‘Banks need to embrace agribusiness financing’


As the perceived low-hanging investment fruit like the oil and gas as well as the energy sector have caused high impairment to the banks, resulting in liquidity challenges, it has become prudent for financial institutions to turn their attention to investing in agribusiness as the best available alternative, Raymond Akakpo – Financial Management Consultant – has observed.

He said the perceived low-hanging fruit by the banks have turned out to be bad lending experiences, accounting for the ballooned non-performing loans. This, he explained, underpins the clarion call that banks must diversify their portfolios with more productive sectors like agribusiness with huge size and also scalability.

“Lending to players in the agricultural value chain gives the opportunity to identify and track value in the chain. It’s more a holistic approach to finance a particular sub-sector in agribusiness; you identify a particular crop and find out the key players, including the governance structure. You are able to identify the scale of operations in terms of value addition at every stage in the chain,” he stated.

Banks should take advantage of Ghana Agriculture Insurance Pool to mitigate pushbacks such as drought and pest infestations which have over the years made agriculture investment a risky venture, Mr. Akakpo added.

The Financial Management Consultant was speaking at a sensitisation workshop, held in Sunyani for personnel of the National Board for Small Scale Industries (NBSSI) in Brong Ahafo Region and representatives of some financial institutions. It was organised by the Feed the Future USAID Financing Ghanaian Agriculture Project (USAID FinGAP) to build the capacities of NBSSI Business Advisors and the banks in innovative ways for financing agribusinesses. The capacity building workshop was replicated in Kumasi. In all, 73 Business Advisors of NBSSI were trained in the two regions.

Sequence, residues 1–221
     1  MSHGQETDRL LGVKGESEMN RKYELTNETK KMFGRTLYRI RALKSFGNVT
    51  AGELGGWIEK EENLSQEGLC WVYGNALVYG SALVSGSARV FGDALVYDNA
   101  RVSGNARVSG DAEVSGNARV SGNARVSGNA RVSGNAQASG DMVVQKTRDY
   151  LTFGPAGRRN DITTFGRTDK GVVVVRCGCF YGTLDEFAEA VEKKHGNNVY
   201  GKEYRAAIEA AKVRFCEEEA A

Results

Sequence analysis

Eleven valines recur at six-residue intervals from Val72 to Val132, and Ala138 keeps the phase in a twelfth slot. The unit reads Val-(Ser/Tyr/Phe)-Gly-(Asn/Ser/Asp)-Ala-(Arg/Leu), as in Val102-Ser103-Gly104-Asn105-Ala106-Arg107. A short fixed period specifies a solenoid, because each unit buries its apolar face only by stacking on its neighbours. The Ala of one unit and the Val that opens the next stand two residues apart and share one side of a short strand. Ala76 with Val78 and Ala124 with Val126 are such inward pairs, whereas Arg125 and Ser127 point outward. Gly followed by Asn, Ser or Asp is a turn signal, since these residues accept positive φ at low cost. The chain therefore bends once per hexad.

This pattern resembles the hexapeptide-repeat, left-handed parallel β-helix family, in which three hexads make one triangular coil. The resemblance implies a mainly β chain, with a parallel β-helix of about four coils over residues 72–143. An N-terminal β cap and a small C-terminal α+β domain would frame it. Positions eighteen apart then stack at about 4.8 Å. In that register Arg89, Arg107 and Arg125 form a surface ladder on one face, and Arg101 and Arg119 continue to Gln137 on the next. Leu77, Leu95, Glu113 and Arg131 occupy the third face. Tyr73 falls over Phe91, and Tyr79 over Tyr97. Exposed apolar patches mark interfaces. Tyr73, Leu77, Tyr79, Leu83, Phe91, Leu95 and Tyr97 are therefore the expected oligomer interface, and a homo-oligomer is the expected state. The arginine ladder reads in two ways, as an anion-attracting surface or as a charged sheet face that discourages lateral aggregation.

The NBSSI Business Advisors and financial institutions were introduced to the Business Advisory Service Providers Association of Ghana (BASPAG) to work together in order to increase access to finance for small and medium enterprises. BASPAG is an association of Business Advisory Service (BAS) providers within the USAID FinGAP network that have come together to replicate successes chalked up with the Project in facilitating financing to agribusinesses in the maize, rice and soy value chains over the last five years.

They were also taken through many topics including business planning, risk management, loan appraisal, loan monitoring and recovery, and customer service.

In an interview with B&FT, Dr. Victor Antwi – Deputy Chief of Party and Manager of Agribusiness Opportunities Development, USAID FinGAP – underscored the importance of building the capacities of NBSSI staff to be able to package and broker ‘big-ticket’ deals in pursuance of promoting the growth and development of agribusiness as a key driver of the country’s industrialisation  vision, saying: “As USAID FinGAP is existing in the next couple of months, it is worthwhile to have people who will pursue a course akin to the project’s agenda.”

He advocated the urgent need for concerted efforts to strengthen agribusiness. “Agribusiness enterprising is the way to go for Ghana, and therefore all relevant stakeholders must help make access to financing easy to enhance it.”

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